Game: The Book of Guilds: Minigame issue #2
Publisher: Valent Games
Review Dated: 11th, December 2004
Reviewer’s Rating: 9/10 [ Something special ]
Total Score: 22
Average Score: 7.33
The Book of Guilds from Valent Games is rather good. The Book of Guilds is the second from the minigame series. Minigame is something of an ezine – with back issues being cheaper than the current one. There’s nothing particularly eziny about The Book of Guilds. It looks, reads and feels like a fully-fledged supplement.
The series title “minigame” is especially fitting as The Book of Guilds really is a d20 mini game. There are character creation rules (which fall within the OGL), classes and a campaign world.
There’s also a plot and NPCs. I don’t like pre-written adventures but I do like this where we’re given a setup, a really new twist and then everything we need to explore the newly created world… and the natural resolution to the campaign is the inherent plot arch in the minigame.
Guild Island is a magical place. Through study and deep knowledge, the Guilds develop powerful magic. For decades the Hunters Guild have been the most powerful.
They’ve ruled harshly with implied force, fear and blackmail. Rumour has it that the powerful Hunters can kill with a glance. Two days ago the Hunters Guild exploded. There’s nothing left now. There’s simply a smoking crater. There’s still a panic. There’s a power vacuum. There’s politics.
You might as well treat this review as an adventure-review and turn away now if you’re worried about spoilers.
This is a game about politics. On Guild Island adventures don’t go dungeon diving. There are no dungeons. The goblins and orcs on the Island when the guilds first arrived do not and did not have the same knowledge is a magic connection with the Island and so had no chance in the wars. When the Cooks Guild can brew nourishing and healing food which can also grant shapeshifting powers then what do you expect to do against the Bodyguards or Hunters?
There are no elves, dwarves or other player races on the Island either. It’s just humans and despite the vast wealth of knowledge here, the Scholars have no idea that these other races might be real. There are intelligent non-hostile and non-human races on the Island though – like a tribe of Blink Dogs.
I’m a great fan of politics and treachery. I really like a supernatural mystery. This set up appeals strongly to me.
There are no PC classes either. As a great twist, the only core classes suitable on the Island are the NPC D&D classes. We have the adept, aristocrat, commoner, expert, and warrior.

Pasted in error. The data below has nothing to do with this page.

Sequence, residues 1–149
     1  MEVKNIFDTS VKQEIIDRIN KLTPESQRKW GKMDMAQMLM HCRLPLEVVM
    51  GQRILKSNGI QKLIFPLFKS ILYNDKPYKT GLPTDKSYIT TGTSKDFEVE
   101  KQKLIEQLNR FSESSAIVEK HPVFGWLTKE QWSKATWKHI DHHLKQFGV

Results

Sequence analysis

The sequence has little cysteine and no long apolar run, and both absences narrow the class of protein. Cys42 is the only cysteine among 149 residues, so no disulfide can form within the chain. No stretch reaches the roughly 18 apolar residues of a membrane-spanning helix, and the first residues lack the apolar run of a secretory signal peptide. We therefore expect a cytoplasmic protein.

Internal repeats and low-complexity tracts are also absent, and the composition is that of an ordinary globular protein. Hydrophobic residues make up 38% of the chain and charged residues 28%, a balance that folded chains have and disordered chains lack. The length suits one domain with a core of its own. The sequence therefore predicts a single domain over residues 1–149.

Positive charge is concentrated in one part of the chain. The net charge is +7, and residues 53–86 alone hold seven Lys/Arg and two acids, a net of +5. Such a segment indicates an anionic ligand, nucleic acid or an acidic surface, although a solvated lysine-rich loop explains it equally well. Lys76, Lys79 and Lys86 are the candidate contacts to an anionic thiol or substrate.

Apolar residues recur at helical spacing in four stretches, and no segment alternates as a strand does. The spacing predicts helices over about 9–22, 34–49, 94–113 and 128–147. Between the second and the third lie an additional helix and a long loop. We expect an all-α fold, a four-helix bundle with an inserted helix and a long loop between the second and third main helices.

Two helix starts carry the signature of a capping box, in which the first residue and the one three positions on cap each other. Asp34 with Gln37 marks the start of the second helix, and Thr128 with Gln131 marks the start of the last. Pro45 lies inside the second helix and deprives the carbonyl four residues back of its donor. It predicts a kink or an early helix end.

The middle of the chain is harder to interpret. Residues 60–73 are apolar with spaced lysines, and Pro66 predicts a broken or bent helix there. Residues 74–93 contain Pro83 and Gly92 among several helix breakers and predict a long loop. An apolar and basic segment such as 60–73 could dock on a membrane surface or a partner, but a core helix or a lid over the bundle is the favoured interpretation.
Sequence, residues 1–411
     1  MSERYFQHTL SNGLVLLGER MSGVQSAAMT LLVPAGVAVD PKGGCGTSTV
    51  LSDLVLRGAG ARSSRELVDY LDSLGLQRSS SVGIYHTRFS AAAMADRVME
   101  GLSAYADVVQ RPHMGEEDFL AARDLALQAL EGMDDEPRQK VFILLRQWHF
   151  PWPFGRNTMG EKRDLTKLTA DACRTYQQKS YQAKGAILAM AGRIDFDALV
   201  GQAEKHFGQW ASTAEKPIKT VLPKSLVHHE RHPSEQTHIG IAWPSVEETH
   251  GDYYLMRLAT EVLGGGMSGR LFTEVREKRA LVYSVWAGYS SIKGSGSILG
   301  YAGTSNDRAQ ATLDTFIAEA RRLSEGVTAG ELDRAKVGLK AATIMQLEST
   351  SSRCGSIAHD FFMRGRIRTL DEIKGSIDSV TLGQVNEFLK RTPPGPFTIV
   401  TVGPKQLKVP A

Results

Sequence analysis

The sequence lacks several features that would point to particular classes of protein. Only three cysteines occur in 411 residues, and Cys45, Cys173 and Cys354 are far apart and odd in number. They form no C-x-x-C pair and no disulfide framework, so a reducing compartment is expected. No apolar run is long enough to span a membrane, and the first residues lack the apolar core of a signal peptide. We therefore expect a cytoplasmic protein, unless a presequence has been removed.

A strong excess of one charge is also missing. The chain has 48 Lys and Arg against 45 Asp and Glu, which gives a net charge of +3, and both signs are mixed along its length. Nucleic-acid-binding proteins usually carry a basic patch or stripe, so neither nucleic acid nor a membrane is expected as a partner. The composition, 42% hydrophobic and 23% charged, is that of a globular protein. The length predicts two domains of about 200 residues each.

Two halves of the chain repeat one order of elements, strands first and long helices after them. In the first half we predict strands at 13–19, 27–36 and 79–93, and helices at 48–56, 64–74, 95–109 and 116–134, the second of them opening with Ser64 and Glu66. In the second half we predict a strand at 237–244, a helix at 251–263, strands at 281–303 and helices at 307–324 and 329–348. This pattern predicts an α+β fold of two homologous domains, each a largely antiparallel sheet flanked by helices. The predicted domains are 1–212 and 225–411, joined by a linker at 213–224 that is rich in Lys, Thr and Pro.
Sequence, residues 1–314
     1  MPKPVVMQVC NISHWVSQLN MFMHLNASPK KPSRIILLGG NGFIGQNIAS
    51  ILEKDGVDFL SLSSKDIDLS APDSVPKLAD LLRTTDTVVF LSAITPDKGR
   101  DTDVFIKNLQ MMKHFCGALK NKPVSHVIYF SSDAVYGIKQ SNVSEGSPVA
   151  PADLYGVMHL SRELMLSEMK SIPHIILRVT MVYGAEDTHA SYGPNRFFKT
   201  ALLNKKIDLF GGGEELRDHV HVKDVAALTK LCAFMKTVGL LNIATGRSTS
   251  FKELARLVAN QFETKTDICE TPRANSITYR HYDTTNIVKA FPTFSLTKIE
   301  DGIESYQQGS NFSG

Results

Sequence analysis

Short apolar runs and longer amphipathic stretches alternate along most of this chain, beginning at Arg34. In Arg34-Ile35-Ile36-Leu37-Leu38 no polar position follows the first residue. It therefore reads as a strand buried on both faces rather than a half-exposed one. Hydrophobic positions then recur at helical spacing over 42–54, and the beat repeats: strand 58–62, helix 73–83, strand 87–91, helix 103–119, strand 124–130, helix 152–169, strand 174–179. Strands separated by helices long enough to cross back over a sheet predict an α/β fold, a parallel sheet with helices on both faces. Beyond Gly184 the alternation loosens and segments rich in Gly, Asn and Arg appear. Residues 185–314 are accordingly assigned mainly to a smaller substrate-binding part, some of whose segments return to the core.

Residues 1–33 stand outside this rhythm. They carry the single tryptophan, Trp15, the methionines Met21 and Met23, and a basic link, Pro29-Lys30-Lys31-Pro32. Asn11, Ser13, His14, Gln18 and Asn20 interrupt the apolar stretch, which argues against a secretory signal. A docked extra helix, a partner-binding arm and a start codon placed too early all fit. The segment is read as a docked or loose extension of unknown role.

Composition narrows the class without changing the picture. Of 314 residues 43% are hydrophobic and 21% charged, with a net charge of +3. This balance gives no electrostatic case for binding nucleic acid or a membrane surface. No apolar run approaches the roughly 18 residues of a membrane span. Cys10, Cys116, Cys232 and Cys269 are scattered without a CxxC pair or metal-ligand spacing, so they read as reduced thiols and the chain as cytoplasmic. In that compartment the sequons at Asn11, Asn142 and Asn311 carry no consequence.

There are prestige classes though and these prestige classes match each guild. If you were to reach the Hunter prestige class then you would become a member of the Hunters Guild… if it still exists.
The main guilds are Archers, Architects, Bodyguards, Cooks, Glassblowers, Gravediggers, Hunters, Midwives, Musicians, Painters and Smiths. There other guilds too but these are the ones we have prestige classes for and therefore the ones our characters will concentrate on.
That said these other guilds, I think of them as NPC guilds, are damn interesting. The Weavers and Judges are mysterious and you can only guess what the Scholars get up to and only wonder where the Spies are. I also like the Fishers Guild as they’re the only ones with any sailing knowledge left – the Sailors Guild was destroyed en route to the Island and this is why all the offshore sailing lore has been lost and the Island isolated.
You could, maybe, squeeze the Island into your current d20 campaign setting. Although it would work best if you just have a human group as the non-humans do not benefit from the strange magical connection with the land.
The prestige classes we’re given for the other guilds are pretty detailed. They’re only 5 levels long but this is entirely fine as this standard for the entire setting.
There are a couple of pages for each too and notes on the guild’s philosophy, current goals, jobs, allies and enemies as well as the prestige class’ powers. The Hunter prestige class is, on purpose, more powerful than all the others.
There are new feats too.
This issue of minigame has a host of NPCs too. These interesting guild members are there for GMs to weave into the rich thread of magic and politics.
So what did happen to the all-powerful Hunters?
That’s up to you. On one level this is a bit of a cop-out. On another level and only because Valent Games list so many plausible options (an accident, demonic pacts, sabotage, one or more guilds working against them or even various forms of bluffing). Could another guild take the Hunters down? The Architects built their fortress. Could the glassmakers focus a powerful lens so that the sun beamed towards the Hunters? Conspiracy theories abound – and so they should. That’s the goal of the game.
There’s more than just the mystery of what happened to the Hunters too? Just what’s going on with this Island? Why does knowledge become powerful magical abilities? There’s a lot to investigate.
If you have an academic gaming group who like mysteries and investigations or plot and treachery or diplomacy and sabotage then it’s hard to imagine your group not lapping up The Book of Guilds.
Let us know your thoughts in the comments below.